Category Archives: crafts

The Book Safe Guitar Amp

While I have been practice crafting a few things for my wedding, I have not been posting them for the simple reason of not wanting to glut the blogosphere with pictures of my own slightly shabby version of the tissue paper pom (there are so many good ones by Wedzu seller Pomtree!) However, I do want to post some pictures and how-tos for my newest project: the book-safe-turned-guitar-amp.

My man and I had seen cigar box amps at Radish Underground a while back and he mentioned how cool he thought they were. After failing to convince him of how cool it would be if he made one himself, I warmed up to the idea and set about researching the process. All the sites–Make Magazine, Instructables, etc–claimed that the cigar box amp rates low on the difficulty scale, so I have decided to go for it!

First stop: Thrift store, to find some kind of box to put this thing in. I didn’t have any luck finding a cigar box (and wasn’t sure where to find one at a decent price), but I did find this pretty sweet book—>

I’ve never made a book safe before, but I’ve seen the how-tos and it has been on my list of crafts to try. The best directions I was able to find are here, but seeing as how I don’t own a jigsaw I could only hope to accomplish the same results with an Exacto knife.

I first applied Mod Podge to the edges of the pages, and shook the pages apart in order to get as much glue between the pages as I could. Decoupage glue makes paper warp so I quickly put a piece of wax paper between the pages and the front cover and placed the gluey book at the bottom of a stack of heavy books, to keep it from warping as it dried.

The next day, I was pleased to find that the glue actually created a nice coat over the edge of the book, without looking like I’d dropped it in the bath. The process of cutting the square out of the middle took longer than I thought it would. My incisions into the book took an inward angle so that each time I sliced a chunk out I created an uneven edge. This was basically impossible to correct without a power tool (I would have liked to use a Dremel to smooth out the inside edges), but imperfection is the nature of craft (or else it would be called art. . .?).  I wanted to secure the pages yet again, so I applied another layer of glue to the sides of the cavity now inside the book and weighed it down to dry overnight. The finished product:

Note that I glued a few of the front pages to the front cover so that the copyright information would show when the book safe is opened. In case I ever need to cite this book in MLA format.

I printed off a copy of Make Magazine’s instructions for the Cracker Box Amp and went to RadioShack (actually, three) in search of the parts I needed. Thanks to my father and the childhood gift of an Electronic Lab board I’m somewhat familiar with circuit boards, so I feel good about this project. I’m still missing the speaker component, but I’m confident that it will find me. I hope to post pictures of the process and product next week!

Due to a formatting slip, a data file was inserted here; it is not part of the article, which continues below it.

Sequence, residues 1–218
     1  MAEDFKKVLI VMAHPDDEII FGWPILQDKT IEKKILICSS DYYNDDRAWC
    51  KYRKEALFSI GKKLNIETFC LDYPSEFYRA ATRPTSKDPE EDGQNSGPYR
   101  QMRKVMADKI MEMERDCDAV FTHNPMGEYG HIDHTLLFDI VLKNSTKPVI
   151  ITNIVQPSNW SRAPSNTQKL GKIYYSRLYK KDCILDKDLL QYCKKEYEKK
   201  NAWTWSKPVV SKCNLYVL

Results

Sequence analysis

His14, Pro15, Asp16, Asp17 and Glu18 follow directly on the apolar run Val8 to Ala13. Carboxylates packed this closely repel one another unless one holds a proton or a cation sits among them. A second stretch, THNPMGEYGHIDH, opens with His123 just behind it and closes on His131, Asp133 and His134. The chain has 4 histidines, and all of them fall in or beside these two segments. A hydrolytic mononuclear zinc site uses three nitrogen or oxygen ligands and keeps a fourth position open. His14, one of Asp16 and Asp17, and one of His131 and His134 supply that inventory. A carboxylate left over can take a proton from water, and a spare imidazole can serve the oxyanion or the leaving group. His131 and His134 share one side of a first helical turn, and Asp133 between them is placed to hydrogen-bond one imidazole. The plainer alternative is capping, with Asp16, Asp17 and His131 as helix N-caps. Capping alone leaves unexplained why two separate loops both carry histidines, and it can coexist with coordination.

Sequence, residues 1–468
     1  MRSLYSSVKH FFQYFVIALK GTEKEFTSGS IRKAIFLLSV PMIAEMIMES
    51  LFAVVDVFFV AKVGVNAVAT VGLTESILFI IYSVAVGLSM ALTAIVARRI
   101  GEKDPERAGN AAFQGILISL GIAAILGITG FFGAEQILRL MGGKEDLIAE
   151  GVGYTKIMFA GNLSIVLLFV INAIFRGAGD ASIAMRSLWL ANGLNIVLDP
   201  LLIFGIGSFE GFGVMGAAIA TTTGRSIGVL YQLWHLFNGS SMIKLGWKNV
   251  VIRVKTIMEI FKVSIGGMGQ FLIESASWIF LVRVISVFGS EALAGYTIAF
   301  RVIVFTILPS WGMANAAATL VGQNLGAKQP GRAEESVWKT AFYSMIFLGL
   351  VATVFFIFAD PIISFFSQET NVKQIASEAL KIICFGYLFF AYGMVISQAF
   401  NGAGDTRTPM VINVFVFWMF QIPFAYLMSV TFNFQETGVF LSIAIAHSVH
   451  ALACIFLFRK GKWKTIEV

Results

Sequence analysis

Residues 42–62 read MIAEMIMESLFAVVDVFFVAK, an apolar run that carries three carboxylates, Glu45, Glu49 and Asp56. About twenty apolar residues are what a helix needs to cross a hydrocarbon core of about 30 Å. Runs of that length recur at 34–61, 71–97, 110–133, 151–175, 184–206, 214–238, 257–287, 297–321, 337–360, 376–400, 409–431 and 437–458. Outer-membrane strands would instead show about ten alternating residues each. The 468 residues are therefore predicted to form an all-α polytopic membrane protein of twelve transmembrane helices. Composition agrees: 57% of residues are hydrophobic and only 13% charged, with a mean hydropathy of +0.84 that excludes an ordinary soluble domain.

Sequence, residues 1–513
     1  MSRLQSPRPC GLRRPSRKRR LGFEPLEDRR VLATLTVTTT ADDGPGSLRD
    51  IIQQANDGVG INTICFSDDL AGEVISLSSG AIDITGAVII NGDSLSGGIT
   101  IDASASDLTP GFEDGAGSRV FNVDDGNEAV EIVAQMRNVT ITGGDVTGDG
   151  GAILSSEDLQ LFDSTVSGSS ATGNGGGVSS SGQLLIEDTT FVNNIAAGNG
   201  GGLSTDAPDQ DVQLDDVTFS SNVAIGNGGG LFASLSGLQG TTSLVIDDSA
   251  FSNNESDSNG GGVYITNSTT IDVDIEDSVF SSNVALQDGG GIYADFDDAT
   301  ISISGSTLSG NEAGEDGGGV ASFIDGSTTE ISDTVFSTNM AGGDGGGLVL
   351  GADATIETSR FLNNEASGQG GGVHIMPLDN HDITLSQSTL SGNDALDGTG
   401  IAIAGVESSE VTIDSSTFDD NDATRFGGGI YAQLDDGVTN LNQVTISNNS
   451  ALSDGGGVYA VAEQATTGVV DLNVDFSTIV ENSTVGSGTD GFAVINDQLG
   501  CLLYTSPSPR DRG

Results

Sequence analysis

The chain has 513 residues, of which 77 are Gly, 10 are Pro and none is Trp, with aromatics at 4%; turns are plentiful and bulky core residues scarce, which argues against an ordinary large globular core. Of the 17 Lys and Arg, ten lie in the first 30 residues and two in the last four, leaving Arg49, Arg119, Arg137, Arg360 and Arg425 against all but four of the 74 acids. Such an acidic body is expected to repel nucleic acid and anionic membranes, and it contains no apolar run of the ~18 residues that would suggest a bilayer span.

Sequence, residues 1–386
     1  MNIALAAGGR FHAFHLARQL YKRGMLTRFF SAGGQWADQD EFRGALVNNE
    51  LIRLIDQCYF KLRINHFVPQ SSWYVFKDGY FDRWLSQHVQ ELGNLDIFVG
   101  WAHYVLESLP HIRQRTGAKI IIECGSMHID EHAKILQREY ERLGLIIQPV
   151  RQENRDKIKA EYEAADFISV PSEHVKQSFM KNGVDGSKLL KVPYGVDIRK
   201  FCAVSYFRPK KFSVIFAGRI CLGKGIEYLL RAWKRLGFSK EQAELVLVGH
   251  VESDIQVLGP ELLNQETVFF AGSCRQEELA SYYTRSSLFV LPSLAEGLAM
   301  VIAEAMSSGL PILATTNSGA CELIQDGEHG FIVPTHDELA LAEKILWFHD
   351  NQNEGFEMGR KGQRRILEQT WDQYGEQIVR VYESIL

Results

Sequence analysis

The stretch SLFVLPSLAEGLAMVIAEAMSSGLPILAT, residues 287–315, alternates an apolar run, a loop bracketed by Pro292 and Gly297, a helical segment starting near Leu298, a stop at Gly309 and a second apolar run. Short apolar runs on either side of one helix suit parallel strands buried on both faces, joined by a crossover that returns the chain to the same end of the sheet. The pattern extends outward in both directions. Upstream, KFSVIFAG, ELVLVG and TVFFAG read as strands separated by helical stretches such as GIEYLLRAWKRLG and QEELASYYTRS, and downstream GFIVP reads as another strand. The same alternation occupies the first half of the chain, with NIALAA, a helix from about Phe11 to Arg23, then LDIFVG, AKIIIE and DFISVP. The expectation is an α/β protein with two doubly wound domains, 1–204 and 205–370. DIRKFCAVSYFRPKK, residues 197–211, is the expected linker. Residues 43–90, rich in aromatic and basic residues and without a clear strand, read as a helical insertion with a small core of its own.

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I love heirlooms. A cherished thing, no matter how small, must carry with it the weight of generations of love and family. there is irradiating mystery in an heirloom. No one in the present knows the reason the first person fell in love with the cufflinks or the brooch, but that heirloom has been imbued with that first infatuation, which it then passes it on to the holder.

I love heirlooms because I love history. Family history is so closely related to personal history; like an inherited predisposition or phenotype, an heirloom tells a person about the people from whom he or she came. It is more than tradition, for tradition is too often used as a comfort and a mechanism of exclusivity. Passing on beloved gifts from one generation to another is a symbolic and reflexive practice meant to remind the giver and the getter that they are more than an individual, that they are members of a broader sphere of association which neither through exile nor self-impelled wandering can they be extricated.

On Mother’s Day these thoughts are interestingly significant. My grandmother died eight months ago, leaving her five children and twelve grandchildren a legacy of motherhood uncommon in most families. From leaving her entire life and family behind in Illinois and moving to the Philippine jungle, to giving birth twice in her home there, my grandmother personified sacrifice. I would have loved to see her with her young children all around her, joy glinting in her eye as she formulated, in her mind, the way she would sew a dress for her baby girl. Along with her arms and a pair of cufflinks, I inherited her passion for creating. When I sew I remember that I am not a lone seamstress, but come from a long line of women who sewed for fun and necessity. Not that she couldn’t afford to buy clothes. Necessity came from a biological, psychological need to produce, from her own imagination, an ontic piece of creativity. I know this is true because she passed this gene on to me.

Earrings made for my mother from my grandmother's cufflinks

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